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Braving the GCSE Storm: A Dad's Guide to Adolescent Academia

Richard and Lyall from the Daddy & Dad family are standing on their doorstep with their school uniforms on. It's the first day of years nine and ten and they're ready for GCSEs
Rich and Lyall off to start years nine and ten at school

Being a dad is hard. Being a dad to a 14-year-old boy who's in the midst of choosing his GCSE options is even harder. You have to deal with a hormonal, rebellious, and clueless teenager who thinks he knows everything and you know nothing.

To make matters worse, you're expected to navigate a school system that bears no resemblance to how you remember it - what was wrong with A, B, C grades, and who came up with 1-9 as a better option? And, you have to confront the dreaded multiple-choice careers predictor questionnaire results.

If you did this as a 1990s teenager, as we did, you might remember being asked to fill out the equivalent of an oversized lottery ticket with your answers to perplexing job-based questions, which was then fed into a machine built in 1980-something and the results noisily spat from a dot matrix printer on nine meters of perforated paper. By the way, I was predicted to be a piano tuner. Jamie an antique dealer. For those of you that know me, you'll know I'm tone deaf. 0/100 for accuracy.

Richard, according to the digital equivalent of this ordeal, will become either a bricklayer or biotechnologist. A broad spectrum.

One of the most 'fun' parts of the GCSE selection process is the 'Choices Fair' in the school hall. Ours was last night. You know, the one where you have to drag your son or daughter to an overcrowded and noisy assembly hall at around teatime. Where you have to squeeze through a sea of sweaty teenagers, who have just finished a long day at school and PE, and who have no idea what personal hygiene is. Where all of your beloved offspring's energy has gone into painstakingly choosing their 'drip' rather than researching their options in advance. Where you have to listen to vague and contradictory advice, and where you have to make life-changing decisions in a matter of minutes. The one where your son has to pretend to be interested in stalls, posters, and leaflets, all the while trying to hide his embarrassment of being seen in public with his dad. Where you have to smile and nod, while you secretly wish that someone had moved the whole process online, much like the genius of the post-covid online parent's evening.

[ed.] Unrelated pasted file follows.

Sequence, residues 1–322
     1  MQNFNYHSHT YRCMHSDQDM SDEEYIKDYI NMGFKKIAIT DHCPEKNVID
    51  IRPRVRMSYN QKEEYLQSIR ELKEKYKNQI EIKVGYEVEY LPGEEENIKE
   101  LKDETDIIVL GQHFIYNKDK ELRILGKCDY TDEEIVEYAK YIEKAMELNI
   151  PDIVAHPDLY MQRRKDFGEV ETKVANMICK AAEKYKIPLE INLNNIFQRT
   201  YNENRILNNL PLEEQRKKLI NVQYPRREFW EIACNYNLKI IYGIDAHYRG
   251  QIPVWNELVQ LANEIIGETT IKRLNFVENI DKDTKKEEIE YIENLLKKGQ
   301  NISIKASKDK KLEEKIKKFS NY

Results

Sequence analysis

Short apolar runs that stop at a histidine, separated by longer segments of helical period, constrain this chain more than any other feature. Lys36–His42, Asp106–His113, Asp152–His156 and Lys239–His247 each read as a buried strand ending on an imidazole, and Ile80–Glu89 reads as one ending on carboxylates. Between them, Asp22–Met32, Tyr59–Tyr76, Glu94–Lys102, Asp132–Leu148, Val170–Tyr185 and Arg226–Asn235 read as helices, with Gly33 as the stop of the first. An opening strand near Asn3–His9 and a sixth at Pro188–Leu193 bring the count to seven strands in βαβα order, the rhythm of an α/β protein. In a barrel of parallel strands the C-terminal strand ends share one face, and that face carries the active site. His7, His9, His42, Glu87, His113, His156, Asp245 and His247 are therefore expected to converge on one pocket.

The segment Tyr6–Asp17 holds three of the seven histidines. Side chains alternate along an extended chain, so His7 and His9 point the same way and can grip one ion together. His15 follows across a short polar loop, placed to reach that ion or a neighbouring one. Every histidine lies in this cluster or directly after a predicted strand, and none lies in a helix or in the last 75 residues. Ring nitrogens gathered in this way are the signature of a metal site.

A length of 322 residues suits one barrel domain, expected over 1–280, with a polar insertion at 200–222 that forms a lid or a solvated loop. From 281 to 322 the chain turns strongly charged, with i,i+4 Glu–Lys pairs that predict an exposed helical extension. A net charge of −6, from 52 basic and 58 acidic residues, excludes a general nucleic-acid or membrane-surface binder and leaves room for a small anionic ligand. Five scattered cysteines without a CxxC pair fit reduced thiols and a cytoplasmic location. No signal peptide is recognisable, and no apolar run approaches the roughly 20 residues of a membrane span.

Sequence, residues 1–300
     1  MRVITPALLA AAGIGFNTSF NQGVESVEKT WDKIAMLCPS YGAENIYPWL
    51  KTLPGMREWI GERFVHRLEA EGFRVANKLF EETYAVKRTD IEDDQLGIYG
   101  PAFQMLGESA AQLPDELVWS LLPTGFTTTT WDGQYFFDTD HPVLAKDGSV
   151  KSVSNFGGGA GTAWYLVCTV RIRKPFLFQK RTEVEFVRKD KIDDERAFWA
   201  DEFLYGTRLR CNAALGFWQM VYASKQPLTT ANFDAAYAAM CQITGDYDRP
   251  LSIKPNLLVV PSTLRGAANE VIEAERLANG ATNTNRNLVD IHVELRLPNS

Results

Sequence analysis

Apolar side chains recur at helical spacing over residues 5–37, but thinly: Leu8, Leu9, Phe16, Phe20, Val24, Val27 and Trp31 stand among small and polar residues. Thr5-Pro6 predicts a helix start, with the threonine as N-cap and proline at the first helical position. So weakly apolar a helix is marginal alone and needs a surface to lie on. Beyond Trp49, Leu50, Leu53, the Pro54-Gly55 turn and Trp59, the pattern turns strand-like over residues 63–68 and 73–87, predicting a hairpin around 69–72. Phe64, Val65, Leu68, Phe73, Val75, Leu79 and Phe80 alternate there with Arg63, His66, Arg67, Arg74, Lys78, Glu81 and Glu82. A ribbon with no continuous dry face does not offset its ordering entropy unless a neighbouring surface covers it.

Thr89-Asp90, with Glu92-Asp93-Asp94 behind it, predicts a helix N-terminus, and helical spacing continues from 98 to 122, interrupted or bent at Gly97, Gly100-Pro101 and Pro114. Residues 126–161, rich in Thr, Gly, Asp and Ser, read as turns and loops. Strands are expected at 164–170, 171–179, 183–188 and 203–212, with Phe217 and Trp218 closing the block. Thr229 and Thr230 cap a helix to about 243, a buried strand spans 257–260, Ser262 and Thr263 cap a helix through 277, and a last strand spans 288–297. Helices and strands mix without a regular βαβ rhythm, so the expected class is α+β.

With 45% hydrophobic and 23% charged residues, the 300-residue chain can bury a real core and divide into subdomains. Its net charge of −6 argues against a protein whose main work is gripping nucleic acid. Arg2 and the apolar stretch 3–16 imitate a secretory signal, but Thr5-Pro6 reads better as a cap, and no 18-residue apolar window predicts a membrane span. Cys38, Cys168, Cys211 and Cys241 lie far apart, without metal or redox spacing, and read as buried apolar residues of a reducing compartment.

Having been through the process with Lyall last year, here are five Tips we'll be following this time around:

Start early. Try to bring up the topic in conversation as often as possible - be casual, at all costs! Don't let it feel like homework or any kind of formal exercise. Be gentle but persistent and encourage him to keep all options on the table for now.
Don't panic. Your son or daughter isn't the first one to go through this process and won't be the last.
Don't pressure. Your son or daughter is only 14 and will have different aspirations and abilities than you. If Richard is anything to go by, being a professional gamer or TikTok influencer is a perfectly viable career aspiration. Perhaps this is the same as all my school friends, much to my horror, of wanting to be professional footballers. You won't be surprised to learn that none were successful in this endeavour, but they all seemed to turn out ok.
Don't compare. Your son or daughter may not be as smart, talented, or successful as their peers or siblings. They may struggle with some subjects, exams, or assignments. They may not get the grades that you or they hoped for. That's fine. Don't make them feel inadequate or inferior by comparing them to others.
Don't worry. your son or daughter may not know what he wants to do with their life - who does at 14? They may not know how their GCSE options will affect their future. They may change their mind, or regret their choices. They may face difficulties, failures, or disappointments. That's inevitable. They're still learning and growing. Just hope for the best and prepare for the worst.
Value every vocation. In the grand tapestry of society, every role has its importance and dignity. Just as a building requires both the architect and the bricklayer, our communities thrive on the diverse contributions of each member. Whether your child aspires to be a shopkeeper or a solicitor, a chef or a CEO, each career path holds its own value. It may be tempting to encourage business studies or computer science over performing arts or music. Resist that temptation and let them excel at the things they enjoy.
Use reverse psychology. In complete contradiction to my last point and if all else fails as you get closer to crunch time, and there's a particular subject you really, really think he should take, tell him he absolutely shouldn't choose it, knowing full well he'll rebel and pick it just to prove you wrong. Ah, the joys of teenage defiance!

In the grand scheme of things, choosing GCSE options is just one step on the journey of life.

It's natural to feel a bit overwhelmed or uncertain, but remember, it's not the be-all, end-all.

Encourage your son or daughter to explore, experiment, and trust their instincts. Remind them that there's no guaranteed formula for success, and even if things don't go exactly as planned, everything will work out in the end.

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